Why Does Exercise Cause a Weight Gain?

Exercise is supposed to help you lose weight. The idea is that you burn more calories than you eat, so it should speed up your weight loss.

However, in more cases than not it can cause a weight gain. Especially during the first week.

I understand how disappointing and frustrating this it. I’ve seen it happen at the scales personally. I’ve been annoyed when the scales don’t show the hard work that I’ve put in that week.

The truth is that exercise can cause a weight gain. At least at first. Over time it will even out, but you need to understand why you’re seeing the weight gain. It’s nothing bad, really. Just a few weight loss mistakes you could be making.

You’re Not Eating Enough

One of the biggest issues is that you’re not eating enough. Sure, you don’t want to use up all the extra calories that you’re burning, but your body needs you to eat something extra. It could be a slice of wholemeal toast or a protein shake. Whatever your diet allows.

When you burn more calories, your body can start panicking. It worries that you’re going to starve, and clings onto some of those extra calories by slowing down your metabolic rate. That then leads to you gaining weight because you don’t counter your eating for the slower metabolism. By eating that little bit extra when you exercise, your body doesn’t panic and you continue losing.

That Sweat Is Water Loss

All that sweating you’re doing is just your body losing water. It’s not necessarily calories that you’re burning, so you may have higher than realistic expectations when you stand on the scales.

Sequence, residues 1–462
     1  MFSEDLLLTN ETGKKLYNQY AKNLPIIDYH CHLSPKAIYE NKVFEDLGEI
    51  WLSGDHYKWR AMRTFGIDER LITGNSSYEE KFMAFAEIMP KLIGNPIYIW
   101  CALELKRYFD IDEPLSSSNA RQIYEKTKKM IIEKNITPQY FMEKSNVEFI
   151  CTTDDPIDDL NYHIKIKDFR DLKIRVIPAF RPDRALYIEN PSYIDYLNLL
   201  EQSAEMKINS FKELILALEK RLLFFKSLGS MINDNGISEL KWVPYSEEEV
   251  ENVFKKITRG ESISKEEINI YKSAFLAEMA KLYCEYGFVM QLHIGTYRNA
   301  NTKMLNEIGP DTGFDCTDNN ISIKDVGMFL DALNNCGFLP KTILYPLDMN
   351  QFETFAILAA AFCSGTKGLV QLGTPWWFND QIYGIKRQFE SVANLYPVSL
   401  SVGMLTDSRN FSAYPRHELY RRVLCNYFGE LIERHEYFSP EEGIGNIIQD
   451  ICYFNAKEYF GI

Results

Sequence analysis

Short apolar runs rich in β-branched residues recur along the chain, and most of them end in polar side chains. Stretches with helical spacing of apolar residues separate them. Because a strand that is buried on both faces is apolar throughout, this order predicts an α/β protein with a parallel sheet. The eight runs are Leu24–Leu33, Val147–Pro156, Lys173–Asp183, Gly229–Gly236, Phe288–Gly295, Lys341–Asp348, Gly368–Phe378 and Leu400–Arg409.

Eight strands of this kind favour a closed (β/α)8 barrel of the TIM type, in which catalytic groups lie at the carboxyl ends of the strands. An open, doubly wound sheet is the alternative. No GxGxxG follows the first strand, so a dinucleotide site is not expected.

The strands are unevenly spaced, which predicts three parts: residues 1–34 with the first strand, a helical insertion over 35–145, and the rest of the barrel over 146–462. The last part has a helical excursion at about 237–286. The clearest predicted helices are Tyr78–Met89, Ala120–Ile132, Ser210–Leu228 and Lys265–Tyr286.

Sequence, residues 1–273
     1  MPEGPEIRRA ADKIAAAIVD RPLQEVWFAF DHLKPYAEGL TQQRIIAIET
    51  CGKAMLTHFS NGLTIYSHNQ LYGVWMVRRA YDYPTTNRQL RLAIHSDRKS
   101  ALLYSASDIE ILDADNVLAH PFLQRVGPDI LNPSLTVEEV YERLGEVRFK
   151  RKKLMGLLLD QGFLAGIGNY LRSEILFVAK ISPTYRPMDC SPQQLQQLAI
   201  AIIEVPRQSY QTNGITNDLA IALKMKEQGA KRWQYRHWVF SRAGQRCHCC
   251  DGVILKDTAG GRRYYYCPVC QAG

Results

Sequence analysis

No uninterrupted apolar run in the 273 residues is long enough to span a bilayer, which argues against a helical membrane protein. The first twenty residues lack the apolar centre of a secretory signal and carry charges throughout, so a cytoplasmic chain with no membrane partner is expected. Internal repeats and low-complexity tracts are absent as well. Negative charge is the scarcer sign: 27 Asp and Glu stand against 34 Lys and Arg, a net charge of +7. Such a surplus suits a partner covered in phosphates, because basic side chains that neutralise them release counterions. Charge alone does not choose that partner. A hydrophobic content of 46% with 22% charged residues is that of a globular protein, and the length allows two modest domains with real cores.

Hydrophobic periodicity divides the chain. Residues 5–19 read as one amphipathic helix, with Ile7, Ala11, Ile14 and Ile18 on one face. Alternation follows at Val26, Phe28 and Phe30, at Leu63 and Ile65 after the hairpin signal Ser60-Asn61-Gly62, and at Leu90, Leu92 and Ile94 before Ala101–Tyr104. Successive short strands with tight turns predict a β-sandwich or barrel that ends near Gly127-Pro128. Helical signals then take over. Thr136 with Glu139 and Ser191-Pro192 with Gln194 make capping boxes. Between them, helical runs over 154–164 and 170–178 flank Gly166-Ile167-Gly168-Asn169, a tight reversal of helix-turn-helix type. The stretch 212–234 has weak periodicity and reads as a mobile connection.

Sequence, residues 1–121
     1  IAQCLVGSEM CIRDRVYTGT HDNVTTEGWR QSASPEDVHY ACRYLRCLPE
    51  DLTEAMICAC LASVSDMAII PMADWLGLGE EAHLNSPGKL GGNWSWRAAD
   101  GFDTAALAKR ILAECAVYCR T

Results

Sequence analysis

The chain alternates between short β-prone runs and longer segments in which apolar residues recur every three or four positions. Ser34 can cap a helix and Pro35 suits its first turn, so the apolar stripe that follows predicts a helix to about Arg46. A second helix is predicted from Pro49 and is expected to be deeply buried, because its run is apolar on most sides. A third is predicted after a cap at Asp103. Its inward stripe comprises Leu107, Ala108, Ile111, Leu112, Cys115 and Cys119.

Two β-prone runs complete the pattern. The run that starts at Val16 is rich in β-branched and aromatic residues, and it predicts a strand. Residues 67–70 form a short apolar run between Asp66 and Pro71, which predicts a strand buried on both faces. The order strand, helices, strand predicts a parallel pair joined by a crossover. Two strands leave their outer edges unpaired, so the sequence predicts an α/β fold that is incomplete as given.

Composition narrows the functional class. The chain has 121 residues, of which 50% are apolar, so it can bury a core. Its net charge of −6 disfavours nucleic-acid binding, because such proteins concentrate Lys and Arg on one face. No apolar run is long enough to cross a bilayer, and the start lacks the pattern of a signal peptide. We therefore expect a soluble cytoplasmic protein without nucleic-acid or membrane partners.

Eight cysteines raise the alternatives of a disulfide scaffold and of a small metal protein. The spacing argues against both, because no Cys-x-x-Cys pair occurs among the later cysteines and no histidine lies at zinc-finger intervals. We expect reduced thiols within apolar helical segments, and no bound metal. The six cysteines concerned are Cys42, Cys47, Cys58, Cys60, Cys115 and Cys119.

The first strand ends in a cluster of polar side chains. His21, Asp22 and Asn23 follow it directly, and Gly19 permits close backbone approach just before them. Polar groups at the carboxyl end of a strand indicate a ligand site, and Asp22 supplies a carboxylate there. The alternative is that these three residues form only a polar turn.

Make sure you drink enough water, and stop worrying about the scales. Your body needs to replace it somehow, otherwise your body doesn’t work properly. Your organs start to shut down, and your metabolism is affected. Your hormones are also affected, and all this has a direct impact on the amount of weight you see lost at the scales.

What About Your Fitness Level?

Something the scales aren’t tell you is how your fitness level and health are improving. Think about that before you get too disheartened.

Also, the scales are not telling you what the weight is. While you’re exercising, your body fat percentage is decreasing. You’re just building muscle at the same time, so your weight can stay the same and even increase. This doesn’t mean you’re not actually getting fitter and trimmer. Take your body measurements, and you’ll soon see the difference. You could even take your body fat measurements to see how that is changing.

The scales are just one way to tracking how well your diet is working. Your workout regime can cause a slight weight at first, but it will eventually even out. There are a lot of reasons to see a weight gain, especially in the first week.


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